Saman Rasoulpour - 2007.08.01
The imprisonment of a family member puts pressure on the entire family. To learn of the conditions of family members of imprisoned individuals, we have conducted an interviews with the families of three Kurdish prisoners: Tonia Kaboudvand daughter of Mohammad Sadegh Kaboudvand, Shahou Aghvami brother of Ajlal Aghvami, and Leili Hassanpour sister of Adnan Hassanpour.
Tonia Kaboudvand is Mohammad Sadegh Kaboudvand’s only daughter. Her father is the director of Kurdistan’s Center for Defense of Human Rights. He was arrested on July 1, 2007, at his office and has been kept in Evin prison’s infamous ward 209 for nearly a month.
Tonia Kaboudvand told Rooz, “My father’s imprisonment has put serious psychological and financial pressure on us. We were unaware of his condition for a long time. We are really concerned now too, especially since he has lung disease. In the past month my mother has gone to court almost everyday to get some information about my father’s condition, or at least get permission to visit him. So far she has been unable to do either. We are also under financial pressure. They have confiscated a lot of my father’s belongings. We can’t even receive his salary. That is why my brother and I are forced to work. We work all day long, from morning until night, and see each other only late at night. When we arrive home late at night we are all tired. The situation is very tough on us. What is harder is that I miss my father so much.”
Shahou Aghvami is Ajlal Aghvami’s younger brother. Ajlal was convicted to 3.5 years imprisonment for conspiracy against Iran’s national security.
Shahou Aghvami had this to say about his brother’s imprisonment: “After my brother’s arrest, we spend most days of the week either in court or in prison. Most of our daily activities are somehow related to my brother’s imprisonment. His arrest has seriously affected my father’s and mother’s health. My mother has heart disease. My brother’s imprisonment hurts us everyday. Even during Ajlal’s previous imprisonment which lasted for 67 days, the last day of his detention was as bad as the first one. Other than that, we have been unable to visit my brother since his arrest on July 9. We have to spend a lot of time and energy just to get permission to speak with him on the phone…. Ajlal has serious medical ailments, his eyes have been infected, and they still haven’t given him the medicine that we took to prison for him. In addition, my brother is being kept in Sanandaj prison’s ward 4 with serious and violent criminals.”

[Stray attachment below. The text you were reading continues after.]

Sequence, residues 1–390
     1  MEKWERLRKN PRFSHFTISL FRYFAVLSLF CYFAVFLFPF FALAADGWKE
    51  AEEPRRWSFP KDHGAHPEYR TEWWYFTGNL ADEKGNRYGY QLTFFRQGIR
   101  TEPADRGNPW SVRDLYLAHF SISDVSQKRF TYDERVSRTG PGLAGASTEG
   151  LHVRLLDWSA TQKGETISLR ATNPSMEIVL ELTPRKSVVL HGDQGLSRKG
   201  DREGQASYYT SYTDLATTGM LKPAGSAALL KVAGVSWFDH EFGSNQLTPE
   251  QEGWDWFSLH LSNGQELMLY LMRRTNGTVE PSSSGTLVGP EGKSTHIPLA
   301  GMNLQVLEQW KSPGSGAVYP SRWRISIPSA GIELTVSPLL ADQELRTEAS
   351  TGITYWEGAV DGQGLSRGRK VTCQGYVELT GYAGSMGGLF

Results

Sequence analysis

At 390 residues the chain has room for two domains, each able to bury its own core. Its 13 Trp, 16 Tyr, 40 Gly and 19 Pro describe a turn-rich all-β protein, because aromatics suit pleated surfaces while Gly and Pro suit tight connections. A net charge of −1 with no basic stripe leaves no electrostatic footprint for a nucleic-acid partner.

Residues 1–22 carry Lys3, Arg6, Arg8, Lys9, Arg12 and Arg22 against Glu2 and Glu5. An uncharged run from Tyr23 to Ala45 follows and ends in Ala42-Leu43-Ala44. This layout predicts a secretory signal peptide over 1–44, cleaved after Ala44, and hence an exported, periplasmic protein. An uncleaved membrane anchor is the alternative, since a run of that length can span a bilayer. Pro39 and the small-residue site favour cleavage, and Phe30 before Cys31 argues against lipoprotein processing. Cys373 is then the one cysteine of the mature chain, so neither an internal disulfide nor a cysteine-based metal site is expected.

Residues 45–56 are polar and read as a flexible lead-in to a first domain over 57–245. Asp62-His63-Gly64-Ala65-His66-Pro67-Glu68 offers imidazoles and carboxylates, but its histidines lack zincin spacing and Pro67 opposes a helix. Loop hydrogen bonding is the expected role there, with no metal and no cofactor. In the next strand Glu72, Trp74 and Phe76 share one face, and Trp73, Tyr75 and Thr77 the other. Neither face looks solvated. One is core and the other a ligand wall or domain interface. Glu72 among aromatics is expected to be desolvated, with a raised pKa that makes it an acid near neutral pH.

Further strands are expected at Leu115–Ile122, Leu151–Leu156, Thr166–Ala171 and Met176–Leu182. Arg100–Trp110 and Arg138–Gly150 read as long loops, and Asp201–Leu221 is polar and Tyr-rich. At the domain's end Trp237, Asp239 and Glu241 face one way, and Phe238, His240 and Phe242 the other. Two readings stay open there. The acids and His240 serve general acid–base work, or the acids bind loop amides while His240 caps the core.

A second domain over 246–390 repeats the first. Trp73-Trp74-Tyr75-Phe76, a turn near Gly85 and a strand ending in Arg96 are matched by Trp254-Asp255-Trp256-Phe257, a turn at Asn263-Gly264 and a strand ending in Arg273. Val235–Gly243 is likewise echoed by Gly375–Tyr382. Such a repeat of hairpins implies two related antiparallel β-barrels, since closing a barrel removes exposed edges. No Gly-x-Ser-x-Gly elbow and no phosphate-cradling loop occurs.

Leili Hassanpour is the sister of Adnan Hassanpour, a Kurdish activist who has been sentenced to death for “Moharebeh,” a charge often applied to those accused of armed resistance to the state. Leili told Rooz, “Unfortunately, my brother’s arrest and the subsequent death sentence for him has affected me so much that I have been unable to care for my 19-month old child. My child is now sick and mostly cared for by my neighbors. This is even harder for my mother, because she suffers from heart and bone disease. Also, Adnan was the person who financially provided for my mother, and now she is under a lot of pressure.
Leili continues, “Until the day my brother is freed we will be worried. Right now most of our worries stem from the fact that we are not aware of Adnan’s condition and whereabouts. Even though our house is always full of guests, it still feels dead. We can hear only my mother’s prayers and crying in the house.”
Leili adds in the end, “The only thing that consoles us is widespread domestic and international support for my brother. We hope that until this verdict is overturned, the public and human rights organization’s won’t leave us alone.”